So we have a new Nixon in the White House covering up critical information the public has a right to know.  Lies and stonewalling at the highest levels of government.

Caveat: It remains to be seen whether and in what way the White House was involved in F&F, but Rep. Issa’s committee is quite properly trying to determine who was responsible for this operation and/or tried to cover it up.


Riddle (answer): Flo was born in 2000 BC.

Get on the ball Congress – SAFE has directed a steady stream of advice to federal legislators.  For example, here is a part of our 5/8/12 comments to 30 members of Congress.  For the full text, see

The House has now passed a budget package that would represent a major step forward and deserves serious consideration.  It has also endorsed the idea of a tax overhaul although the House Ways and Means Committee needs to flesh out the details; see SAFE’s SimpleTax proposal . . .

The Senate leadership reportedly intends to stonewall the House budget without proposing any alternative, thus ensuring nothing will get done before the election. 

The fiscal problem is serious business and no one knows when the roof will cave in.  The time has come for less fancy footwork and a lot more action!


SAFE Board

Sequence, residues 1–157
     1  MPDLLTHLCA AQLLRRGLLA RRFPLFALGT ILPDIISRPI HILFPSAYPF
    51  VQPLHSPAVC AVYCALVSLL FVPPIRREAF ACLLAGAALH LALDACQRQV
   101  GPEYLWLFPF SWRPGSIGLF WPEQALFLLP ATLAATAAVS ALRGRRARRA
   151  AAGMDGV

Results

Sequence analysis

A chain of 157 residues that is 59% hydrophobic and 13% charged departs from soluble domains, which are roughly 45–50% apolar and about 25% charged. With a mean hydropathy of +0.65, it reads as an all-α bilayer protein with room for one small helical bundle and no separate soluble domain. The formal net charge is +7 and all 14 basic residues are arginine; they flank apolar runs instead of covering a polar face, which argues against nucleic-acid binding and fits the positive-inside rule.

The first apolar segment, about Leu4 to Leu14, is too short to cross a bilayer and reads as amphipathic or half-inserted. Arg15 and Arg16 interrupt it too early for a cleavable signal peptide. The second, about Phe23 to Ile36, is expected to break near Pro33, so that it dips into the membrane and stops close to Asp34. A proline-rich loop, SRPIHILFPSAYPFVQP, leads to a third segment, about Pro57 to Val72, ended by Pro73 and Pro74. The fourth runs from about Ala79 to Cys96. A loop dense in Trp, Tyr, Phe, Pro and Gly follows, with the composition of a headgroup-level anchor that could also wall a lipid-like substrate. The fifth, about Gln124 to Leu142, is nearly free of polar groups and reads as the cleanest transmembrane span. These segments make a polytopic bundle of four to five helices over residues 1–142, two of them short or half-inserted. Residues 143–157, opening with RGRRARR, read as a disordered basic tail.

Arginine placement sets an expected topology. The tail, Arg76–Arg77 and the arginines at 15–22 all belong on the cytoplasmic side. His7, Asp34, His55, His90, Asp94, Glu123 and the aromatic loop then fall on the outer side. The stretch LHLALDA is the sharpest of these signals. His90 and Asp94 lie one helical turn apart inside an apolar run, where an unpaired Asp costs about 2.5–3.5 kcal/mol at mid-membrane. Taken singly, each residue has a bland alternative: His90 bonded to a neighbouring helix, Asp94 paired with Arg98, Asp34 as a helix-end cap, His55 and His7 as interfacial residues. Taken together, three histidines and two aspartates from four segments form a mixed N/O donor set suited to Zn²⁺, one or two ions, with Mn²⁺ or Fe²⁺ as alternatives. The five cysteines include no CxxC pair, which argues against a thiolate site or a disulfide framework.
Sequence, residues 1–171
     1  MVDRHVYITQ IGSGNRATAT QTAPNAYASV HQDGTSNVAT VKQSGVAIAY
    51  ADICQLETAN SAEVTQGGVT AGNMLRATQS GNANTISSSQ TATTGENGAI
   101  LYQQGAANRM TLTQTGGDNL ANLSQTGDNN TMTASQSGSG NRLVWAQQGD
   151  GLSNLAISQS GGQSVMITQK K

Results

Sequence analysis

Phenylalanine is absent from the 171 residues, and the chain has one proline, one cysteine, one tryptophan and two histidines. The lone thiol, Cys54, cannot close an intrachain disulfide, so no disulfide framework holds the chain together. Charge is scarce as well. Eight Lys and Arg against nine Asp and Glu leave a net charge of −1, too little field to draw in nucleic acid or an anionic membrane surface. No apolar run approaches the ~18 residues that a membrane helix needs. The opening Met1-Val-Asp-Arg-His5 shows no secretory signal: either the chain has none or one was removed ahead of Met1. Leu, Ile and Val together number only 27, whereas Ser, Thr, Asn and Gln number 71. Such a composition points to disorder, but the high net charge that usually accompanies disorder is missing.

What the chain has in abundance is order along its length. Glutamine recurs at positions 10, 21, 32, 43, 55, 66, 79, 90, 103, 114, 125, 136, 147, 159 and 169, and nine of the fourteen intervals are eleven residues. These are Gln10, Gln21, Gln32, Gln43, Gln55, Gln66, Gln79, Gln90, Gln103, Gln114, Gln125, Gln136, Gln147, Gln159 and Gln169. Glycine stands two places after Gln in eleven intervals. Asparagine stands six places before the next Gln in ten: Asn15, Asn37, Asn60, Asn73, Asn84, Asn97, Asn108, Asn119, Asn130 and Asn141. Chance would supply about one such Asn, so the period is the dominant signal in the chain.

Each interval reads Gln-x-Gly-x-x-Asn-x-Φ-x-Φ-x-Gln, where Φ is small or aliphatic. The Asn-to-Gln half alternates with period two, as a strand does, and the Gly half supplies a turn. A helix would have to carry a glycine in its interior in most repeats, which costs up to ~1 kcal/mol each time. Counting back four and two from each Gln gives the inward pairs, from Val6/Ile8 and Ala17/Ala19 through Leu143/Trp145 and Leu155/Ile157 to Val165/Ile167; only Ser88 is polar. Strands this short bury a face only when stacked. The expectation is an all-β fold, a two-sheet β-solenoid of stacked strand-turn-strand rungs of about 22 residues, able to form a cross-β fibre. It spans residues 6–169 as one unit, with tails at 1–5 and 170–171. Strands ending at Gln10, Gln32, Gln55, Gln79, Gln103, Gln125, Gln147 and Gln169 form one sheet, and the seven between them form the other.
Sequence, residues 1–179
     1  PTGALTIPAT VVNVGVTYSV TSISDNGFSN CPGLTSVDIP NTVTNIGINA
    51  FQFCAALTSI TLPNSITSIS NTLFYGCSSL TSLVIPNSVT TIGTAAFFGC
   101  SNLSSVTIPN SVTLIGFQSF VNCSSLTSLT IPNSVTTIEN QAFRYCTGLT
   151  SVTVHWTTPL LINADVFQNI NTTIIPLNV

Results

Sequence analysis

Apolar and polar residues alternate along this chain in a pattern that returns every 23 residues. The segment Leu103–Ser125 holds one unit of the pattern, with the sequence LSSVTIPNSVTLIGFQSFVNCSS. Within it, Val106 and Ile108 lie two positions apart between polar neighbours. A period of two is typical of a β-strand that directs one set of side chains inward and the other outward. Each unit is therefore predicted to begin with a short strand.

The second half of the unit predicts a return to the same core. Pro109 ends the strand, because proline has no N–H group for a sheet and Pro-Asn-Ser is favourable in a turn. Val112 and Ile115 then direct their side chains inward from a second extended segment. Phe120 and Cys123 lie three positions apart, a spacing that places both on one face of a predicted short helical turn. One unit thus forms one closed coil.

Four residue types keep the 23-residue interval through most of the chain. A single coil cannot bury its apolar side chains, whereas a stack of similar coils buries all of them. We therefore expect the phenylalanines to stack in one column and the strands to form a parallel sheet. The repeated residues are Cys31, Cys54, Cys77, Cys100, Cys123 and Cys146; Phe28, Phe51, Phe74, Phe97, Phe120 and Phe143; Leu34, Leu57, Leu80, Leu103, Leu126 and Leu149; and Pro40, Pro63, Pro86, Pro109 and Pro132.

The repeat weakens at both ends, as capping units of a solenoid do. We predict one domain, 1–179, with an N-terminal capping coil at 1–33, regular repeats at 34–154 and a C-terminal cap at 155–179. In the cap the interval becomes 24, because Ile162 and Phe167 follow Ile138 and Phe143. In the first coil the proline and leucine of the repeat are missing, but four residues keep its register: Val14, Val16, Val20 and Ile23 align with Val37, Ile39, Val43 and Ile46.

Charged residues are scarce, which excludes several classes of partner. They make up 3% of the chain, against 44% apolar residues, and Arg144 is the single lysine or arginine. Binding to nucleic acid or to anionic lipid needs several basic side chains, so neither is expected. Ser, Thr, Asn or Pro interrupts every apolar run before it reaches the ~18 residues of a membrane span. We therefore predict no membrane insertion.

Andrew Betley, (302) 239-9679

Edgar Fasig, treasurer, (302) 999-0611

Dan Kerrick, (302) 658-7101

Steve McClain, (302) 998-3910

Jerry Martin, (302) 478-5064

Bill Morris, (302) 475-7060

Ryck Stout, (302) 478-9495

Bill Whipple, president, (302) 464-2688

For e-mail addresses see:

Secure America’s Future Economy (SAFE)

SAFE is a non-partisan, all-volunteer organization that was founded in 1996.  We advocate smaller, more focused, lower cost government, to be achieved by cutting spending, restructuring “entitlements,” simplifying taxes, and rationalizing regulations.

The SAFE agenda is promoted through:

# Our website, including a weekly blog.  Members can help to spread this content by forwarding links or downloads to their families, friends, and contacts. 

# A quarterly newsletter for members, which is also posted on line for convenient reference and sharing.

# Letters to the editor, microblogs, videos, public events, and legislative contacts.

We appreciate your membership and support.  Dues are $10 per year (if the number after your name on the mailing label equals or exceeds the last two digits of the current year, your dues are up to date). As SAFE is a Section 501(c)(3) non-profit organization, contributions in excess of your dues may be tax deductible. 

To join SAFE or renew membership, please complete the form and mail it with your check to SAFE, 214 N. Spring Valley Road, Wilmington, DE 19807. Thank you!